Your internal stitches will start dissolving a few days after your c-section. But your incision will be very fragile for 6 weeks and may not fully heal for 3 months.
It can be unnerving to have a wound you can’t see. So, you’re probably wondering, “How do I know if my c-section has opened inside?”
The good news is that it’s incredibly rare and difficult to open your internal incision. But it is possible, so here’s the golden rule:
You should feel slightly better and bleed a little less every day post-c-section. If you start to feel worse, see your doctor right away.
How Can I Tell if My C-Section Has Opened Inside?
Monitoring your internal stitches can be scary because you can’t see what’s happening. But don’t overthink it. Your body has many ways to let you know if something’s wrong. Here’s what to look out for:
Heavy Vaginal Bleeding, After the First 24 Hours.
Bleeding is normal for the first 4 to 6 weeks. But, if you’re soaking through a pad in an hour for more than 2 hours or your bleeding is increasing rather than decreasing, call your doctor.
If your postpartum blood loss (lochia) turned brown but is suddenly red again, this can indicate fresh bleeding.
Offensive Smelling Lochia
Normal lochia has a slightly metallic, but not offensive, smell. If the odor changes and becomes foul, it could be a sign of infection, a common side effect of an open incision.
Passing Large Blood Clots
It’s normal to pass some blood clots for 1 to 3 days postpartum. But, you should report any clots larger than a plum or arriving more than 3 days after delivery.
Severe Abdominal Pain
Your pain should decrease each day after your c-section. Call your doctor if it suddenly increases or becomes unmanageable.
A fever of over 100.4 °F is a sign of infection and a medical emergency.
Dizziness or Feeling Faint
Internal bleeding can cause low blood pressure and dizziness.
Shortness of Breath
If you’re gasping or struggling to catch your breath, call a doctor immediately. It’s another symptom of internal bleeding.
Bruising on Your Stomach, Apart From That Around Your Incision
Bruising on your stomach, away from your incision, might mean your incision has opened and you’re bleeding internally.
Pain when using the bathroom could be a sign of ripped stitches and infection.
Severe Constipation or Painful Bowel Movements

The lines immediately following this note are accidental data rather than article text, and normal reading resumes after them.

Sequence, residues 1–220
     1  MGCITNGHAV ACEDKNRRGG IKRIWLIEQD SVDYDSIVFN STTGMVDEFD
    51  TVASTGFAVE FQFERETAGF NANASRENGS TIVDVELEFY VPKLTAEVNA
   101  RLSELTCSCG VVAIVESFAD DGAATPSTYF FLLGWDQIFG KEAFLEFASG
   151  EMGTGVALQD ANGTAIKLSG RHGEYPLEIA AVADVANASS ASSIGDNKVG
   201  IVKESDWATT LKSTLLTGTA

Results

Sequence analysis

You may find bowel movements uncomfortable for a week post-section. But, if they become more painful or the discomfort lasts longer than a week, call your doctor.
What Can Cause A C-Section To Open Inside?
The internal opening of your c-section wound is known as postpartum uterine wound dehiscence. Fortunately, it’s rare and only occurs in 0.6% of cases.
It can be caused by:
- Exercising too soon post delivery.
- Heavy lifting.
- Sex before 4 weeks postpartum.
- Poor suturing.
What Happens if My C-Section Opens Inside?
If you suspect your internal incision has opened, call your doctor. It’s a potentially life-threatening complication.
Then, your doctor will assess how much your wound has opened, and you’ll be treated in one of the following ways:
- A small opening can be treated with antibiotics to prevent infection while your body heals. Your doctor may also fit a drain to help excess fluid escape and prescribe extra pain medication.
- A mid-sized wound will need surgery. Your surgeon will access your incision, remove dead tissue, and resuture.
- A complete uterine rupture may require a hysterectomy. This is incredibly rare.
How to Avoid Rupturing Your Internal Stitches After a C-Section
To avoid ripping your internal stitches, you should:
- Get plenty of rest.
- Don’t lift or push anything heavier than your baby for 6 weeks.
- Eat well. Your diet should include lots of fruits, vegetables, and lean protein.
- Avoid strenuous exercise until your doctor signs you off.
- Delay sex after a c-section until 4 to 6 weeks postpartum.
- Take a laxative if you’re experiencing constipation.
- Drink plenty of water.
- Avoid bending.
Remember that tearing your internal stitches is rare. So don’t panic if you’ve accidentally overdone it. But do keep an eye on your temperature, bleeding, and pain levels. And, if you’re in doubt, see your doctor immediately.